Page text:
Retired Maj. Gen. William Lyon, USC trustee, prominent residential developer and decorated military veteran, died Friday at his home in Orange County’s Coto de Caza community. He was 97.
Lyon influenced the landscape of Southern California through his career as a homebuilder and his support for the university where he got his start.
He began building houses in the post-World War II boom and launched Newport Beach-based William Lyon Homes Inc., which grew into one of the nation’s largest homebuilders. He was also founding chairman of the board of Commercial Bank of California.
William Lyon’s long affiliation with USC
A Los Angeles native, Lyon began his relationship with USC when he studied business as an undergraduate in the 1940s. Four decades later, in 1986, he was elected to the USC Board of Trustees. He became one of USC’s most stalwart supporters, giving generously in support of research and programs across the university.
He was the 1990 recipient of the Asa V. Call Achievement Award, USC’s highest alumni honor. In 2002, USC awarded him an honorary doctorate. The General William Lyon University Center, the University Park Campus’ main student recreation facility, is named in his honor.
“Gen. Lyon’s contributions had an incredible impact on the lives of Southern Californians and on USC,” President Carol L. Folt said. “He first arrived on our campus in the 1940s and served bravely during World War II as part of the Greatest Generation. In the years that followed, his passion for the university only grew, and his generous support touched so many programs and reached so many people throughout our community. His influence will be felt for decades.”
Lyon served for 34 years as a member of the USC Board of Trustees, having been elected to the board in June 1986. In June 1998, his fellow trustees elected him as a Life Trustee.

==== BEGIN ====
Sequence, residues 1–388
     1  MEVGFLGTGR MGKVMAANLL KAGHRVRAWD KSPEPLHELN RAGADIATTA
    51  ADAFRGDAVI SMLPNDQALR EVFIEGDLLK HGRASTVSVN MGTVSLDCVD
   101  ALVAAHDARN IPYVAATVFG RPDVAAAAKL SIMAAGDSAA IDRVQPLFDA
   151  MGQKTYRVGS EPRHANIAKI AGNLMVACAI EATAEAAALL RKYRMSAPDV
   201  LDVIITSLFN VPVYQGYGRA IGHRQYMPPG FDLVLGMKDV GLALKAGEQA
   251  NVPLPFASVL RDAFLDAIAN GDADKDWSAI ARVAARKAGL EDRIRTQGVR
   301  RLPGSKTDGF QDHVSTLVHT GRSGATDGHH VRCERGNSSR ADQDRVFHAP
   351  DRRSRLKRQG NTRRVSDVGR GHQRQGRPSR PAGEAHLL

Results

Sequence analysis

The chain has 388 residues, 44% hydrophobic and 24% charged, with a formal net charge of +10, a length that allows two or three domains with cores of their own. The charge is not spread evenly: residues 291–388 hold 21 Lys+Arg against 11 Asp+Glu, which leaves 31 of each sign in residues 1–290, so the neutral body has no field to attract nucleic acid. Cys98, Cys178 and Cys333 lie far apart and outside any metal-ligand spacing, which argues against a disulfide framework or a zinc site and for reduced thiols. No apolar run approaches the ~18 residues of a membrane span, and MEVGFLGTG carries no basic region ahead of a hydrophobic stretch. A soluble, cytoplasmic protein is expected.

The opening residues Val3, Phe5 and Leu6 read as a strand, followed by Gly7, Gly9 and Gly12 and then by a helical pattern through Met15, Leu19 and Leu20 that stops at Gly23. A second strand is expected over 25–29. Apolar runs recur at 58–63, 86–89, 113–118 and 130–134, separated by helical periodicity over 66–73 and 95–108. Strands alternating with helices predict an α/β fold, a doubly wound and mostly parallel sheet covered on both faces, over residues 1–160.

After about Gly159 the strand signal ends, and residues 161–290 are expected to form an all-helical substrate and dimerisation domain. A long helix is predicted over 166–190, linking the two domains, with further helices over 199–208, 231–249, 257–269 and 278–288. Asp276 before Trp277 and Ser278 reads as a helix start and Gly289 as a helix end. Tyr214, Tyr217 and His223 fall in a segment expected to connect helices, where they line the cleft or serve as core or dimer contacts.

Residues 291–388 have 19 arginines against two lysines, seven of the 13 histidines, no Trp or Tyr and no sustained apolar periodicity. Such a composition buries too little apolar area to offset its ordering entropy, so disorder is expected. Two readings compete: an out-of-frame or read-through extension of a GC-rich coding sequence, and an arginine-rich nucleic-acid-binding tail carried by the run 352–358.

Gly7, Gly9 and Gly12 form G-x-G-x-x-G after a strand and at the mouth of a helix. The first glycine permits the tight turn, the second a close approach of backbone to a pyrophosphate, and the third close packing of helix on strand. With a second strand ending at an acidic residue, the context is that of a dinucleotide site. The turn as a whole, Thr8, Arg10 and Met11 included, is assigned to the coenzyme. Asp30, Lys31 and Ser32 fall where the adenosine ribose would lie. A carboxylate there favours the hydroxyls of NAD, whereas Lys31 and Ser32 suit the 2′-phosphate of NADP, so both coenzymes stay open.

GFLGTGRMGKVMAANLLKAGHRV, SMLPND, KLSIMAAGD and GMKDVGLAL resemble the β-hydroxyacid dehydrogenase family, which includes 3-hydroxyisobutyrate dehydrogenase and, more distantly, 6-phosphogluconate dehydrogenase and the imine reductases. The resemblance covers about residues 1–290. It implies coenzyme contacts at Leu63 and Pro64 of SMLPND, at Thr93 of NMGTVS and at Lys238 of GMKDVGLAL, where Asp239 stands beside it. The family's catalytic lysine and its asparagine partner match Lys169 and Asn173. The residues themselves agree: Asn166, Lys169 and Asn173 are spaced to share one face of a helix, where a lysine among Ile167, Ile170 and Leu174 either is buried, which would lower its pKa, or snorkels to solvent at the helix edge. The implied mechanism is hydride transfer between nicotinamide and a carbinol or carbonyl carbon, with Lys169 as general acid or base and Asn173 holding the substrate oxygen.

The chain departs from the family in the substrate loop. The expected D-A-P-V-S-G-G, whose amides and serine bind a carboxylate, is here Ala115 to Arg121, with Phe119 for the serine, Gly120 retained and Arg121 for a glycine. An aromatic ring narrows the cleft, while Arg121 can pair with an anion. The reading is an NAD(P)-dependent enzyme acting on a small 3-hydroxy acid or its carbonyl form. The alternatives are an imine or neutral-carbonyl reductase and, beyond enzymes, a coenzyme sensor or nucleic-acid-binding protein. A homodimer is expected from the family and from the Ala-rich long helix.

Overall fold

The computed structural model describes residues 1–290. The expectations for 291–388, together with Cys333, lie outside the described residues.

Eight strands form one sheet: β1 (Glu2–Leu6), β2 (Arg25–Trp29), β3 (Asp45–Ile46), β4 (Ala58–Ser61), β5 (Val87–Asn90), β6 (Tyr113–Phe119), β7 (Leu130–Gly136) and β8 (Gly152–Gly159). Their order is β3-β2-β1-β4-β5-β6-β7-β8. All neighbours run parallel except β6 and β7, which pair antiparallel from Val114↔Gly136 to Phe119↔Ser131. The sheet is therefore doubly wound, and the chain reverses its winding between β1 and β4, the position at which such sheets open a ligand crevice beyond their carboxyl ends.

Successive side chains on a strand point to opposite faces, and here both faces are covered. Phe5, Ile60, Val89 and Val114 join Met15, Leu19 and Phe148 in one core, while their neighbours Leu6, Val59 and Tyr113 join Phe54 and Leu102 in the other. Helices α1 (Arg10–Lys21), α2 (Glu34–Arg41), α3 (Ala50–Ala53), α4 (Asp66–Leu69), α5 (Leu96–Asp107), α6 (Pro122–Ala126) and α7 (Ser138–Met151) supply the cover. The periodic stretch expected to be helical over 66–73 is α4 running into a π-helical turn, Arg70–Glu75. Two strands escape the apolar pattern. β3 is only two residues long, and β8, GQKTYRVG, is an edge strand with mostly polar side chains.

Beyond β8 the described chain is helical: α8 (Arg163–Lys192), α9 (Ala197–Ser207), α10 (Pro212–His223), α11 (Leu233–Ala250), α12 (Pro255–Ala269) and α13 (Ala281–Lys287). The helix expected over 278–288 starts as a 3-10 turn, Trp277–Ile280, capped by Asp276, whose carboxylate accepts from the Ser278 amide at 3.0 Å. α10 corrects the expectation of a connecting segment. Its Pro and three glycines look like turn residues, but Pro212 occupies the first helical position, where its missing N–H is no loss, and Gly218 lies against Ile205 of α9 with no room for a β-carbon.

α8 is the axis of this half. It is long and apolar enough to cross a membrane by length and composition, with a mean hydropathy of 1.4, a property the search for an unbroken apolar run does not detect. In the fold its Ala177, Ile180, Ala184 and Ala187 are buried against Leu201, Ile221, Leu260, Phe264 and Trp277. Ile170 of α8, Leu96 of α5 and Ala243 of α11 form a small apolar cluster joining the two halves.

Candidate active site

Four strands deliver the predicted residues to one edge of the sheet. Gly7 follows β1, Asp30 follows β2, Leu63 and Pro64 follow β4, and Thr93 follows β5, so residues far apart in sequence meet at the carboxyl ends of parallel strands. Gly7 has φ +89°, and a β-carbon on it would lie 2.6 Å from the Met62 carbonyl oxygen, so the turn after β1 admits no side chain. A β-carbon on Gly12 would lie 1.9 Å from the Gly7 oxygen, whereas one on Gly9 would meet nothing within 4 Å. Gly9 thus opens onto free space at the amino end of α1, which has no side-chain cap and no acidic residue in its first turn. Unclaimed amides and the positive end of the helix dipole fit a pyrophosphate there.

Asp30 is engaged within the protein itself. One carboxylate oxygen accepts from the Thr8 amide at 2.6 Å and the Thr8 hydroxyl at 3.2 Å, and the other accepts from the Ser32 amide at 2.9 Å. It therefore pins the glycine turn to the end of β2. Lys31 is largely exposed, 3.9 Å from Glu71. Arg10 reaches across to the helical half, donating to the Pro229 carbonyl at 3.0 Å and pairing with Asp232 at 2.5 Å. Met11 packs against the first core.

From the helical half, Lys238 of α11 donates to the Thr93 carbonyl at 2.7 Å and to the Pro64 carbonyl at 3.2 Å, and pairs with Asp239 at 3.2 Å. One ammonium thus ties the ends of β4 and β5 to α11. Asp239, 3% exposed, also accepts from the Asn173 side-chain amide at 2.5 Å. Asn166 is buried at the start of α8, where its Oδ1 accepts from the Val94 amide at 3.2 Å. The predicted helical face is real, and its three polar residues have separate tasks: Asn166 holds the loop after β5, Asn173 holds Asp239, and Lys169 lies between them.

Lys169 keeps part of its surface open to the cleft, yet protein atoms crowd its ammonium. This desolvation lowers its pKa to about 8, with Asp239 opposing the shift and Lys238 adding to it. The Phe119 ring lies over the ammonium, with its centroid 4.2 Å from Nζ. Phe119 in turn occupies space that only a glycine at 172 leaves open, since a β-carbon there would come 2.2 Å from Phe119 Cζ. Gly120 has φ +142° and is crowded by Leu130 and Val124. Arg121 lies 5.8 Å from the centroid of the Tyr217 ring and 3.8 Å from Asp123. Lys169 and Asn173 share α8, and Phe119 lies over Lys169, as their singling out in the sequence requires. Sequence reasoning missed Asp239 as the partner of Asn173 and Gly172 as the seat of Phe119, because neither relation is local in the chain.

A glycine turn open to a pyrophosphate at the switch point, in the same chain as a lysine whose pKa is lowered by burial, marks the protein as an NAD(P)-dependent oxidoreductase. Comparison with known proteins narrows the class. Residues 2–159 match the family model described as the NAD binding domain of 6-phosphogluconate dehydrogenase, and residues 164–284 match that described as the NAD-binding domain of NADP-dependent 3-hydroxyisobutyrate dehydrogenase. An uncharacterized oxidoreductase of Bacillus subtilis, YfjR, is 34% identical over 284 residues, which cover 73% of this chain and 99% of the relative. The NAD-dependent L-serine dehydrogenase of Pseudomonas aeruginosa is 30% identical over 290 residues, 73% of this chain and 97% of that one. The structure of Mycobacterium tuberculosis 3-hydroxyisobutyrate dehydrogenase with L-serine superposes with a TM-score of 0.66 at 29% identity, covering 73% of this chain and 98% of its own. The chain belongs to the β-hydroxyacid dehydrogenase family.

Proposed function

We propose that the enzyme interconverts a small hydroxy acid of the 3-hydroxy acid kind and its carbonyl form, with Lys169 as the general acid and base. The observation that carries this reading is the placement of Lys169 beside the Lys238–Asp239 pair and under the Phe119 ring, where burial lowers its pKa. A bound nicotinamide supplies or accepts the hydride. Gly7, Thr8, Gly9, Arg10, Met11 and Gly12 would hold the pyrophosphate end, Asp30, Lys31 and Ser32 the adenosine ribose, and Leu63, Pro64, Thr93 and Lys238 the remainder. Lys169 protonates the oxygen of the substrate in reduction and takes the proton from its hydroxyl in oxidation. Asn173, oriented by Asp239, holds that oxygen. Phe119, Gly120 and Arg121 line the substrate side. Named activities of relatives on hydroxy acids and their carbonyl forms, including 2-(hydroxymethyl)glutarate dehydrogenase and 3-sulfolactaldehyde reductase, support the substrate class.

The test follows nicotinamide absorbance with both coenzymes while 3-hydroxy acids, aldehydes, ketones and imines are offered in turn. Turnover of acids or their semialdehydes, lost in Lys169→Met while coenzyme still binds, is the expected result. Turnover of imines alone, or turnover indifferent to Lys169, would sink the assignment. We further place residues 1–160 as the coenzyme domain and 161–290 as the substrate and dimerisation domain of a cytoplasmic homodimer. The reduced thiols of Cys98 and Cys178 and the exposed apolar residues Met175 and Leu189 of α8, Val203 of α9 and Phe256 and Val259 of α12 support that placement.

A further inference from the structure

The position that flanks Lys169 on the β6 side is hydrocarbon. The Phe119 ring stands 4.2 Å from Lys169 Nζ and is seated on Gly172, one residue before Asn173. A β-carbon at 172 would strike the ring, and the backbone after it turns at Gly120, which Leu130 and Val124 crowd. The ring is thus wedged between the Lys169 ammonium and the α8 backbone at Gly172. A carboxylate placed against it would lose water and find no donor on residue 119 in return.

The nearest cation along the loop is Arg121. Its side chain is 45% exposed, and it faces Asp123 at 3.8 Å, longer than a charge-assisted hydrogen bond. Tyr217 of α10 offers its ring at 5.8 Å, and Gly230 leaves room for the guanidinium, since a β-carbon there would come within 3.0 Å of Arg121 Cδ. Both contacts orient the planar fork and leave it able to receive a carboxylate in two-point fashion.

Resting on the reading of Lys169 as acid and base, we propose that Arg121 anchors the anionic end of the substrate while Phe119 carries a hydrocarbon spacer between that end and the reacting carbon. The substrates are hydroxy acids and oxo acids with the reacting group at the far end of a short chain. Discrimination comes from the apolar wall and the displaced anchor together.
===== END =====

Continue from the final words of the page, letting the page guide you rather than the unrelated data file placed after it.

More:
“For decades, USC has benefitted from Gen. Lyon’s leadership and insight,” said Rick Caruso, chairman of the USC Board of Trustees. “He always cared about the important research USC was doing and how it could improve lives worldwide. The Trojan Family will forever be grateful for his dedication to our university.”
Lyon attended the Dallas Aviation School and Air College and trained military pilots as a civilian instructor before entering the U.S. Army Air Corps in 1943, during World War II. He served as a pilot in Europe, the Pacific and North Africa through 1946 and then joined the Air Force Reserve. He volunteered to return to active duty in the early 1950s and flew 75 combat missions during the Korean War. He was promoted to major general in 1974 and the following year was appointed chief of the Air Force Reserve, a position he held until his retirement from the military in 1979.
In 1982, Lyon and fellow real estate developer George Argyros — whose daughter, Stephanie, joined the USC Board of Trustees in 2018 — acquired regional carrier AirCal. The airline was sold to American Airlines in 1987.
Lyon received numerous military awards and decorations, including the Distinguished Service Medal, Legion of Merit, Distinguished Flying Cross, Air Medal with three oak leaf clusters and the Presidential Unit Citation.
William Lyon known as philanthropist and community leader
Lyon also distinguished himself as a devoted philanthropist and community leader. He was the founding chairman of the Orangewood Children’s Foundation and led efforts to build what is now called the Orangewood Children and Family Center, Orange County’s only emergency shelter for abused and neglected children. He was also a founding board member and second chairman of the Orange County Performing Arts Center (now the Segerstrom Center for the Arts) and provided a leadership gift toward the center’s completion.
Lyon’s passion for aviation history led him to open the Lyon Air Museum at the John Wayne Airport in Santa Ana. The museum houses a collection of rare airplanes and other military vehicles, with an emphasis on artifacts and memorabilia from World War II.
In addition to his love of aviation, Lyon was a lifelong auto enthusiast, amassing a significant collection of classic cars. He fondly recalled buying his first car — a dilapidated Ford Model T — in 1939 for $8. He painted it red and drove it for the next two years, eventually selling it to a junkyard for $5. “I’d say I made out pretty good in that deal,” Lyon told the magazine Robb Report in 2013.
Lyon is survived by his wife, Willa Dean; children Susan Isola, Bill H. Lyon, Christine Rhoades and Marcia Stone; seven grandchildren and four great-grandchildren. He was predeceased by a son, Byron Russell.